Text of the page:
The front page of the Washington Post this morning is nothing less than steroidal. One half of above-the-fold is dedicated to a lengthy feature exploring modern USMC officer training, the other to the launch of fresh Marines into Helmand Province as part of President Obama’s soon-to-be-announced COIN strategy in Afghanistan. More boots, more firepower for clearing, holding and building. COIN in action, concentrated on long-standing trouble spots in Pashtunistan, just as Kim and Frederick Kagan had always dreamed (although they would have preferred more boots, more firepower, but alas, there is always time).

The rub of it all is that this plan cannot work in the long-term without capable, competent, semi-non-corrupt, loyal Afghan police and Army to HOLD if and when U.S Marines leave these southern areas of the country. The Post story doesn’t get to this glaring reality until the end of the piece, in which reporter Greg Jaffe quotes Army spokesman Greg Smith saying, “this will be a credibility test for the [Afghan] government to see if it can deliver.”

No, this will be a credibility test to see if COIN or Surge II can deliver, and for President Obama, who is betting the rapidly waning credibility of his presidency on a myth that was spawned in Iraq and will likely see a very troubled, if not ill-fated resolution in Central Asia.

Why? Because, as stated in the WaPo report and by numerous military analysts for and against the war,  the success of COIN in Afghanistan depends on the breadth and fitness of Afghan National Army (ANA) (supposedly an estimated 90,000 today) and the Afghan National Police (ANP) (supposedly an estimated 80,000). And it ain’t doing so good.

I wrote about this for Antiwar.com last month. I only hit the tip of the iceberg. It’s all about recruitment, retention, the quality of training and above all, loyalty to the central government. Not only is there trouble with all of the above now, Obama’s plan, envisioned by Gen. Stanley McChrystal & Co., seeks to expand the number of Army recruits to 134,000 by next October in order for this whole thing to work. It’s nothing less than a house of cards.

Intrepid Inter Press Service writer Gareth Porter has an excellent report this weekend about the rotting wood at the base of this COIN construct, and it has everything to do with the recruits themselves. More than 40 percent now are ethnic Tajiks, enemies of the Pashtuns we are seeking to pacify in the south. Pashtuns just won’t volunteer for Karzai or Kabul or for the official republican guard of “the other”:

The massive shift in the ethnic composition of ANA troops in recent years is leading to another civil war between the Pashtuns and a Tajik-led anti-Pashtun ethnic coalition similar to the one that followed the fall of the Soviet-supported regime in 1992, according to some observers…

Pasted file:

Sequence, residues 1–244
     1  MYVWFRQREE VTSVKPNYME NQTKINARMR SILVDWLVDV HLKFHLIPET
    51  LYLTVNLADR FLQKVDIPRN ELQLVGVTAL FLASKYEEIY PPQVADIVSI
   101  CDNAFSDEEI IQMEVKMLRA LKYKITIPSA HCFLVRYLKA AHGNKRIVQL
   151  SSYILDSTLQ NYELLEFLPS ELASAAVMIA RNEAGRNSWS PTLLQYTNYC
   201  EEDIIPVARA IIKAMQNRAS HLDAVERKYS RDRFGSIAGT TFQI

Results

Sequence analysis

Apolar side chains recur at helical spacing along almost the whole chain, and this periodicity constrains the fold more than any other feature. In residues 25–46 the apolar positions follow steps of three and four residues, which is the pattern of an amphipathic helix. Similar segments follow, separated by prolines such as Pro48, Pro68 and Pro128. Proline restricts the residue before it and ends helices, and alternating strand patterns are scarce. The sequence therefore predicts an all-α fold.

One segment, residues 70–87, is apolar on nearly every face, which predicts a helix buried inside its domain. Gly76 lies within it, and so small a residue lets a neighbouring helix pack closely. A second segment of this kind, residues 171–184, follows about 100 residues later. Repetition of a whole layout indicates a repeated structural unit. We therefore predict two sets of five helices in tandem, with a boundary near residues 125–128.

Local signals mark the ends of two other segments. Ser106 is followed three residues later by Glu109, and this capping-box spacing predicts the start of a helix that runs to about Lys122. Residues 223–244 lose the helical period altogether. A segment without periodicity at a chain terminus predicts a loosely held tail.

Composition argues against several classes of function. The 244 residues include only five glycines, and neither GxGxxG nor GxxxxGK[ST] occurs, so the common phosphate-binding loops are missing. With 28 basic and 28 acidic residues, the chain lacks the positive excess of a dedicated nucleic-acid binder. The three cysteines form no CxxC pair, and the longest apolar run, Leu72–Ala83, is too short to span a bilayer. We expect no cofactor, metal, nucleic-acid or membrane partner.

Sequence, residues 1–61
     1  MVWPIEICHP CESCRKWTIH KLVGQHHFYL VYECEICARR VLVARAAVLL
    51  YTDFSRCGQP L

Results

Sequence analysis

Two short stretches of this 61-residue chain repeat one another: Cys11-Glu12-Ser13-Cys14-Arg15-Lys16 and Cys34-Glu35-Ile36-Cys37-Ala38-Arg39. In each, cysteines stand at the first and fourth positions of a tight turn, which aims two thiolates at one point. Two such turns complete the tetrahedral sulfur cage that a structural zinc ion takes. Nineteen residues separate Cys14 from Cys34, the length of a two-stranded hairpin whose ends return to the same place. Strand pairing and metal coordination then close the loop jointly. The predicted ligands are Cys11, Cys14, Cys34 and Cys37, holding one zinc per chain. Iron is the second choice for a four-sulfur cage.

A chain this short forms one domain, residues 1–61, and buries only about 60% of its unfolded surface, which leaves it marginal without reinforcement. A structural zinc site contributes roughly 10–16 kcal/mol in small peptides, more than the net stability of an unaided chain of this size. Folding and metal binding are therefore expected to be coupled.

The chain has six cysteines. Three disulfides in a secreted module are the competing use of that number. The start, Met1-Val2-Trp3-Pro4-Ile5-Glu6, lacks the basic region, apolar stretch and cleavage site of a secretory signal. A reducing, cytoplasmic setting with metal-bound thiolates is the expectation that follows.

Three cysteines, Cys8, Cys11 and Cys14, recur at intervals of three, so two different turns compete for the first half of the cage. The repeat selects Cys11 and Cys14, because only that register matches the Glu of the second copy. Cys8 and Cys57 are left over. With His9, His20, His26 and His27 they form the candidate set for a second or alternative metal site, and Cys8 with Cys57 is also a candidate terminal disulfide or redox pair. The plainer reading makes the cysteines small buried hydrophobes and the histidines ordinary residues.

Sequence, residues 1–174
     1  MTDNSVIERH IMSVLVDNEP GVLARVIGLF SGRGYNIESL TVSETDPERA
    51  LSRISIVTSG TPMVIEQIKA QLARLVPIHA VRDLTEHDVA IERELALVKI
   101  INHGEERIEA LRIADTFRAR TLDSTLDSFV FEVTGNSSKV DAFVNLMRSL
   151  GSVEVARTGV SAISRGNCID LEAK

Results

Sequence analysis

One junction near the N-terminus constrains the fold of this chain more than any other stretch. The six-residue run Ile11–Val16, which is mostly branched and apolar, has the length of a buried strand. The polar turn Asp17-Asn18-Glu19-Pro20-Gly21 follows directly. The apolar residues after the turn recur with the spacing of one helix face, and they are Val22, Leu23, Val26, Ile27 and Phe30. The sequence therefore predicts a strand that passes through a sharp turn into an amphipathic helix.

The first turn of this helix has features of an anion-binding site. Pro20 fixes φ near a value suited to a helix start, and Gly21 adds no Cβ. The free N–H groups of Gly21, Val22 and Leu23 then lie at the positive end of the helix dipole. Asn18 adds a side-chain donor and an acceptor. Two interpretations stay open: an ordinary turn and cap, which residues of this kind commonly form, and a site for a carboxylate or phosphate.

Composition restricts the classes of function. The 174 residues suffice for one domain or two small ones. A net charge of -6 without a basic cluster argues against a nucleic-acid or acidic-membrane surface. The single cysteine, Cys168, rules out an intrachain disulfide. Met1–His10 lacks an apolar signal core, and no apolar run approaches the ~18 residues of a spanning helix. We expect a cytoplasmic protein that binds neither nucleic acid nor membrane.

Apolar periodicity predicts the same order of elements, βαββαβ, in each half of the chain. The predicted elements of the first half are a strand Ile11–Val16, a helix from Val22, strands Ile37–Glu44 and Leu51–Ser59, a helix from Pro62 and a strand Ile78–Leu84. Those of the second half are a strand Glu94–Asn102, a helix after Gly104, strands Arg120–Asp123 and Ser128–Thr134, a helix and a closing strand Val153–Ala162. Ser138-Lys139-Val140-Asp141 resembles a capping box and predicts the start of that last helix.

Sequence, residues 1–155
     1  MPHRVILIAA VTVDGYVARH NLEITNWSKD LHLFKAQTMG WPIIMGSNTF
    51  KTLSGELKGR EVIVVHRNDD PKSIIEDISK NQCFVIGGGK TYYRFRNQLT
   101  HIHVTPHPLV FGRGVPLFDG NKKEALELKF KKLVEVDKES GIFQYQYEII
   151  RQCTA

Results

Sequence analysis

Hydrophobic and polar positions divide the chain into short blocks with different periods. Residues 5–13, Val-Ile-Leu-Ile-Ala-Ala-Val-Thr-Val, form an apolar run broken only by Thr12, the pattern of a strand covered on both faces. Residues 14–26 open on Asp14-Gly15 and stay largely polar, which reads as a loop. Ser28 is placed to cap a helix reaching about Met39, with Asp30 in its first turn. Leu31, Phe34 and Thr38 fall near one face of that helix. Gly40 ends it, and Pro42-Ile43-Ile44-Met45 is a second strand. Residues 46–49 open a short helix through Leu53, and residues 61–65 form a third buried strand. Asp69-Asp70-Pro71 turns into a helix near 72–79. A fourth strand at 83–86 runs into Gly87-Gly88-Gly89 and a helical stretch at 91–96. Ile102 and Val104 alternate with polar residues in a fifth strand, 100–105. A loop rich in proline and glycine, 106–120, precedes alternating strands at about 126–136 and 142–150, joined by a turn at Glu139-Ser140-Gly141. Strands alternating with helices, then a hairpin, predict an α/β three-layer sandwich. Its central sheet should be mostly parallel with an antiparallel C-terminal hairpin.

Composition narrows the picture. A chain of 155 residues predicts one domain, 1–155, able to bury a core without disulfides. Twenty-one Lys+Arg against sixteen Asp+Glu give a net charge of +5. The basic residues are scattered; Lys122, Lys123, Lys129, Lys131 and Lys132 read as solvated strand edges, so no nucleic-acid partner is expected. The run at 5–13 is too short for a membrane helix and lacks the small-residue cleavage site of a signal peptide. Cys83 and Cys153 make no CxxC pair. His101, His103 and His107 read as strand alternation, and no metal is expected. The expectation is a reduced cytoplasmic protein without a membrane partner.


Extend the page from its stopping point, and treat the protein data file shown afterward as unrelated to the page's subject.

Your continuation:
The latest report of the Special Inspector General for Afghanistan Reconstruction, issued Oct. 30, shows that Tajiks, which represent 25 percent of the population, now account for 41 percent of all ANA troops who have been trained, and that only 30 percent of the ANA trainees are now Pashtuns.

A key reason for the predominance of Tajik troops is that the ANA began to have serious problems recruiting troops in the rural areas of Kandahar and Helmand provinces by mid-2007.

At least in the Pashtun province of Zabul, the percentage of Pashtuns in the ANA has now been reduced to a minimum. In Zabul province, U.S. officers embedded in one of the kandaks (battalions) reported earlier this year that they believed only about five percent of the troops in the entire brigade are Pashtuns, according to a report by Army Times correspondent Sean D. Naylor published in the Armed Forces Journal last July…

Meanwhile, Tajiks have maintained a firm grip on the command structure of the ANA. [Then Defence Minister] Marshall Fahim put commanders from the Tajik-controlled Northern Alliance in key positions within the Ministry of Defence as well as the ANA command.

[Chris] Mason recalled that the United States thought it had an agreement with President Hamid Karzai under which the command structure of the ANA would be reorganised on the basis of ethnic balance, starting with the top 25 positions.

But Karzai never acted on the agreement, Mason said…

Mason said the refusal of Pashtuns in the south and east to join the ANA is part of a “self-reinforcing spiral”. The more Dari, the language spoken by Tajiks, becomes the de facto language of the ANA, said Mason, the more Pashtuns will see it as an alien institution.

“The warlords have already started rearming,” said Mason.

Although the United States “has done as good a job as it could have” in trying to make the ANA mirror the broader society, Mason said, it can only “attenuate” rather than prevent such a [civil] war in the future, even with a larger troop presence.

Read the whole piece here.

Supporters of the “new” Obama/McChrystal strategy will be pointing relentlessly to the supposed “success” of the Iraq Surge to bolster the argument for Surge II in Afghanistan. Former Bush courtiers and reanimated neocon zombies are already dusting off the old rhetorical flourishes, and are simultaneously slapping Obama on the back while warning him not to go wobbly. But the whole thing is wobbly. For those of us who had hoped Obama had more intellectual and political courage to do more than “send in the Marines,” this year in foreign policy has shaped up to be nothing less then a parade of grim disappointments.

UPDATE : I forgot mention this report, also via Gareth Porter, which finds that one in four Afghans recruited into the Afghan National Army quit in 2009 — and those numbers, according to an administration source, are considered a “serious problem.” A 25 percent desertion rate? For sure.